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8 paper/dynamic-extensions.tex
@@ -24,7 +24,8 @@ \subsection{Match Syntax}
the left hand side of the match.
The \verb|regexp| regular expression is a box standard regular
-expression which is defined by the grammar at Fig.~\ref{fig:reggram}.
+expression~\cite{regexp} which is defined by the grammar at
+Fig.~\ref{fig:reggram}.
\begin{figure}[h!]
\begin{verbatim}
regexp ::= concat-regexp '|' regexp
@@ -157,7 +158,7 @@ \subsubsection{Type system}
driving force of the inference. First of all, it is easy to
define a subset relationship on two regular expressions
$r_1 \sqsubseteq r_2$. As we know, we can always build a DFA for
-a regular expression and minimize it, which gives us a minimal
+a regular expression and minimize it~\cite{dragon-book}, which gives us a minimal
possible automaton for the language recognized by a given regular
expression. It means that $r_1 \sqsubseteq r_2 \Rightarrow
min (det (r_1)) \sqsubseteq min (det (r_2))$. For two minimized
@@ -193,7 +194,8 @@ \subsubsection{Type system}
In order to propagate type information in the branches obtained from the
application of \verb|type| construct, we have to know how to subtract
-two regular expressions, which is, again, simple. If $T$ and $S$ are
+two regular expressions~\cite{reglang}, which is, again, simple.
+If $T$ and $S$ are
respective DFA for subtracted types, all we have to do is to construct
$C = T \times S$ and make the final states of $C$ be the pairs where $T$
states are final and $S$ states are not.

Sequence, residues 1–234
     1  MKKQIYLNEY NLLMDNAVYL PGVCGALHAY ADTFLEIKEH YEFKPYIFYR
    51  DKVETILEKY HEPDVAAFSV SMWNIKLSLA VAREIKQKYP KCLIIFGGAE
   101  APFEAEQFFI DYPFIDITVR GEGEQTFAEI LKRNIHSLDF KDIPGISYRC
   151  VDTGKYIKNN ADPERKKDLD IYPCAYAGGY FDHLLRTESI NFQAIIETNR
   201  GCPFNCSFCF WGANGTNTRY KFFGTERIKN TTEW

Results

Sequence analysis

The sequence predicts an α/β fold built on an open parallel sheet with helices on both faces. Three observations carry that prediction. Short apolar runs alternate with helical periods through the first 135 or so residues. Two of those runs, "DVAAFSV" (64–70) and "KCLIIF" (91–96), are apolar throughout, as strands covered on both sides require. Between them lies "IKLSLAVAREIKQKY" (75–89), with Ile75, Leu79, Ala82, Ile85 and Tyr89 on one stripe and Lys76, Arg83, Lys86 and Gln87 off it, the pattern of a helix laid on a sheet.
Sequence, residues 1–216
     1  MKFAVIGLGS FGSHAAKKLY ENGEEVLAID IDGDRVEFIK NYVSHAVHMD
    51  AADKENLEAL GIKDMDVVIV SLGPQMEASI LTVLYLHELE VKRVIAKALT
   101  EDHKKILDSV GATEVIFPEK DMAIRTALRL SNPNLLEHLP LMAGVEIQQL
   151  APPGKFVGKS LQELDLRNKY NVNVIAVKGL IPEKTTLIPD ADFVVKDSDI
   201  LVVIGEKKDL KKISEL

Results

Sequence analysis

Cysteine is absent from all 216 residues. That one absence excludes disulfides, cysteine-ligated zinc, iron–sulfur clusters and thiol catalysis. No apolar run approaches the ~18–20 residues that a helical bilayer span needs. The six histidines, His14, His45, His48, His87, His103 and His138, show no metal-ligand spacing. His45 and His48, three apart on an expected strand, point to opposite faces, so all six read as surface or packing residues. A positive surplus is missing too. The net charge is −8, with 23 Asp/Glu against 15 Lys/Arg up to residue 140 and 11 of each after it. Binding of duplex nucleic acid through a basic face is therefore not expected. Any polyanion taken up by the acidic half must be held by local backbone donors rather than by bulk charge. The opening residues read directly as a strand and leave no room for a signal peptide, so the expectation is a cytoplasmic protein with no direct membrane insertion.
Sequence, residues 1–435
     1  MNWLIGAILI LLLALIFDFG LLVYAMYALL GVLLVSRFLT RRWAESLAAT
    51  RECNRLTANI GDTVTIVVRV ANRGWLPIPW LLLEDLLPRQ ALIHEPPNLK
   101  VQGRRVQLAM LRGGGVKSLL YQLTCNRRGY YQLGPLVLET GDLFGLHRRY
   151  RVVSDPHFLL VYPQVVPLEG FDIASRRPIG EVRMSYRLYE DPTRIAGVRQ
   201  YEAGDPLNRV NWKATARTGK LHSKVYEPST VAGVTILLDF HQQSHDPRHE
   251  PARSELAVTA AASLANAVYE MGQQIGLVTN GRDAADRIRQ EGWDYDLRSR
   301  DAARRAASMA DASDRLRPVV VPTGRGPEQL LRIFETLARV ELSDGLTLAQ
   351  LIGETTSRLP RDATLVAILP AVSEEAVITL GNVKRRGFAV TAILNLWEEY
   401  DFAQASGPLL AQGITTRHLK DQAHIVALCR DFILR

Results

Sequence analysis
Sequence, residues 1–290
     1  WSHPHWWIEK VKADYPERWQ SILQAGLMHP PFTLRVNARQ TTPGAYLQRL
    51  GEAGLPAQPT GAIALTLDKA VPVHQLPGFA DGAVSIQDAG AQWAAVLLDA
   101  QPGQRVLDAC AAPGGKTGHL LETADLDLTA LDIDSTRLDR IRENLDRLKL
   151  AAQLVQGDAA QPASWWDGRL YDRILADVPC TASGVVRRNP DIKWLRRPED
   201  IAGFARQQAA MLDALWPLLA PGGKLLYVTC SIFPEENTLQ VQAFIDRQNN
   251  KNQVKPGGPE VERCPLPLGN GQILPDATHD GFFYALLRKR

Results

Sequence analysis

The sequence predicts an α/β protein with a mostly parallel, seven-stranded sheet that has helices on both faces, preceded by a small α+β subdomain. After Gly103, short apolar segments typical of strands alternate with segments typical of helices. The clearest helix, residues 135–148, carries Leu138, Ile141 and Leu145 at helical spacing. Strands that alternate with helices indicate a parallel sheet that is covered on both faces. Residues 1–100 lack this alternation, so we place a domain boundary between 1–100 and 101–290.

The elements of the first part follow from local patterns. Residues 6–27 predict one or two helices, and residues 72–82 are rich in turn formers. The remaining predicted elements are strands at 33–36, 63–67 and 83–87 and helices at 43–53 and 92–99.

View
8 paper/intro.tex
@@ -3,7 +3,8 @@ \section{\label{sec:intro}Introduction}
Very often languages like C/C++ introduce new constructs in their
syntax. Some of the constructs require serious modifications of the
compiler to be supported properly, but some of them may be purely syntactical,
-like, for example, user-defined literals in C++11. In this paper we are
+like, for example, user-defined literals in C++11~\cite{cpp11}. In this
+paper we are
concerned with a system that allows a class of modifications at the
level of the programming language itself, without the necessity to
modify the compiler.
@@ -32,7 +33,7 @@ \section{\label{sec:intro}Introduction}
\item %The classical example from C language is a type-cast
%syntax.
In C, a user can define an arbitrary type using the
- \verb|typedef| construct, which makes it impossible
+ \verb|typedef| construct~\cite{c99}, which makes it impossible
to disambiguate the expression \verb|(x) + 5|, unless
we know whether \verb|x| is a type or not. It could
be treated as a type-casting of an application of unary
@@ -119,7 +120,8 @@ \section{\label{sec:intro}Introduction}
be different depending on the agreement, however the common
case is to say that the unit is a sequence of characters of the
same class. The number of classes is normally fixed, however
-character belonging to the class may be static as in C preprocessor,
+character belonging to the class may be static as in
+C preprocessor~\cite{prepr},
where, for example, notion of space cannot be changed, or dynamic as
in \TeX, where one could specify that a certain character is a
delimiter. Then the substitution itself is a replacement of
View
55 paper/paper.bib
@@ -6,6 +6,16 @@ @techreport{c99
Year = {1999}
}
+
+@techreport{cpp11,
+ Author = {ISO/IEC},
+ Institution = {International Organization for Standardization,
+ Geneva, Switzerland.},
+ Title = {ISO/IEC 14882:2011, Information technology -- Programming